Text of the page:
As I Was Saying…As I Was Saying…As I Was Saying

The unavailability of the subdomain on should have been a clue. The way the phrase came to me all at once might have tipped me off. The deeply ingrained habit I have of adopting phrases I like and then, after God knows how many years have passed, forgetting where they came from could have motivated to search a little harder for a name.But nooooo. (Thank you, John Belushi.)

I had to go ahead and name this blog “As I Was Saying…” I like the name. It turns out a lot of people have liked the name for a long time.Jack Paar

There are dozens of blogs that use the phrase as all or part of their names. It’s a phrase the television pioneer Jack Paar used a lot. He even used it as the title of a book.

I was a huge Paar fan. He hosted The Tonight Show from 1957 to 1962 and actually had cameras in Havana at the time of the Cuban Revolution. You couldn’t really see much of what was going on in Cuba, but I was transfixed with the thought that I was witnessing the overthrow of a government as it happened.”

As I was saying…” is also a family joke that I use as an easy way of admitting I’ve made a mistake about something. Sample dialog:

Me: Let’s eat at Margarita’s tonight. We haven’t been there for a long time.
Marge (my wife): We ate there last weekend!
Me: As I was saying, I’m sick to death of Margarita’s.

In our family at least it’s the sort of thing that gets funnier with fairly frequent repetition. Please understand that I’m not talking about murderous, sanity-shredding, “Wazzzzzzzzzzuuuuuppppppp?” style repetition here. What I mean is that using the phrase once a week (once a month?) has become my own little family tradition.

I had a professor years ago who spoke of “doughy lumps” in writing. He used the term to refer to a phrase or sentence (sometimes a whole paragraph) that comes to you easily and all at once when you’re writing. It comes to you all at once, he said, because it seems familiar. It seems familiar, he said, because you have heard it before. A doughy lump, therefore, most likely represents plagiarism, cliché, or received wisdom. As I was saying…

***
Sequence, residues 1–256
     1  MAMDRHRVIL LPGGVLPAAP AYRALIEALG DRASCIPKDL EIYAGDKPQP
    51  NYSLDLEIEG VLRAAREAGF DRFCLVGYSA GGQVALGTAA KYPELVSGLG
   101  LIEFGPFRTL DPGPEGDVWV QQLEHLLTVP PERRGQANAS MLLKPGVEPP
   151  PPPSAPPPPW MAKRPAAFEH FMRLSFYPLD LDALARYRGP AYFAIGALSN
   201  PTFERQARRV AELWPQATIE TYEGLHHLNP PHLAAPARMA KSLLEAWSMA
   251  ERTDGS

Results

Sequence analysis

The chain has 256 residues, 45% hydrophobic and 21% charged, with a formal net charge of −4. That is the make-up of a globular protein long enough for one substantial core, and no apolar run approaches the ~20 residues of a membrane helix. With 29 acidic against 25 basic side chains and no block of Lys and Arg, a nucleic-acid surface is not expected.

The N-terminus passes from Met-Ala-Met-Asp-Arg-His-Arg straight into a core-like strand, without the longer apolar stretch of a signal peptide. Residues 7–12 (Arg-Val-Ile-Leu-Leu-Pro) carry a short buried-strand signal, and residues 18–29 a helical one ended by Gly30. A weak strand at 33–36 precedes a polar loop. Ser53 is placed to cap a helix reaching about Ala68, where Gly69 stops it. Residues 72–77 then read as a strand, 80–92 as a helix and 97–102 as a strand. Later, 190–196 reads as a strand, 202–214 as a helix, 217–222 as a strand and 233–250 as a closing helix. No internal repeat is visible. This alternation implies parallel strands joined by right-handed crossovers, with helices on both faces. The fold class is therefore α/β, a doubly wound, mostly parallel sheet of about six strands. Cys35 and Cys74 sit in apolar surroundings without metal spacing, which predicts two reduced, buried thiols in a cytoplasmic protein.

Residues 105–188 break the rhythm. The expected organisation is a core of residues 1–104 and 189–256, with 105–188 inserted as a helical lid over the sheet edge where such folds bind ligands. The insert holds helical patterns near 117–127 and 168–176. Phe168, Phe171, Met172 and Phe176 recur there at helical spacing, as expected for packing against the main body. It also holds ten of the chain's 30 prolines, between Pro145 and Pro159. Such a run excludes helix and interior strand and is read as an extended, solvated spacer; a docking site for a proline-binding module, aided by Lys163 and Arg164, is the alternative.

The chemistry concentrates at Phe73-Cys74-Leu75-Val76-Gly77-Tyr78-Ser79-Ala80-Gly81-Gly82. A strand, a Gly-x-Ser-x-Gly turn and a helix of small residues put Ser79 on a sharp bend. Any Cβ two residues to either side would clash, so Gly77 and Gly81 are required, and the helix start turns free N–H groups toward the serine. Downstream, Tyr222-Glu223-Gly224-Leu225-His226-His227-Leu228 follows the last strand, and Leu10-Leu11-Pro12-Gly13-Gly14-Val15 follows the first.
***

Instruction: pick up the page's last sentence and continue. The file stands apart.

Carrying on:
Perhaps Oscar Wilde had a point when he said, “Most people are other people. Their thoughts are someone else’s opinions, their lives a mimicry, their passions a quotation.”

Anyway, as I was saying, I might have been happy with a different name for this blog.

One Reply to “As I Was Saying…As I Was Saying…As I Was Saying”

  1. FYI: Here are Orwell’s rules for avoiding what he calls “prefabricated phrases, vagueness, and general humbug,” i.e. doughy lumps. They seem quite basic, but it’s hard for anyone, even the man himself, to write with that much integrity, like, all the time.

    (i) Never use a metaphor, simile, or other figure of speech which you are used to seeing in print.

    (ii) Never us a long word where a short one will do.

    (iii) If it is possible to cut a word out, always cut it out.

    (iv) Never use the passive where you can use the active.

    (v) Never use a foreign phrase, a scientific word, or a jargon word if you can think of an everyday English equivalent.

    (vi) Break any of these rules sooner than say anything outright barbarous.


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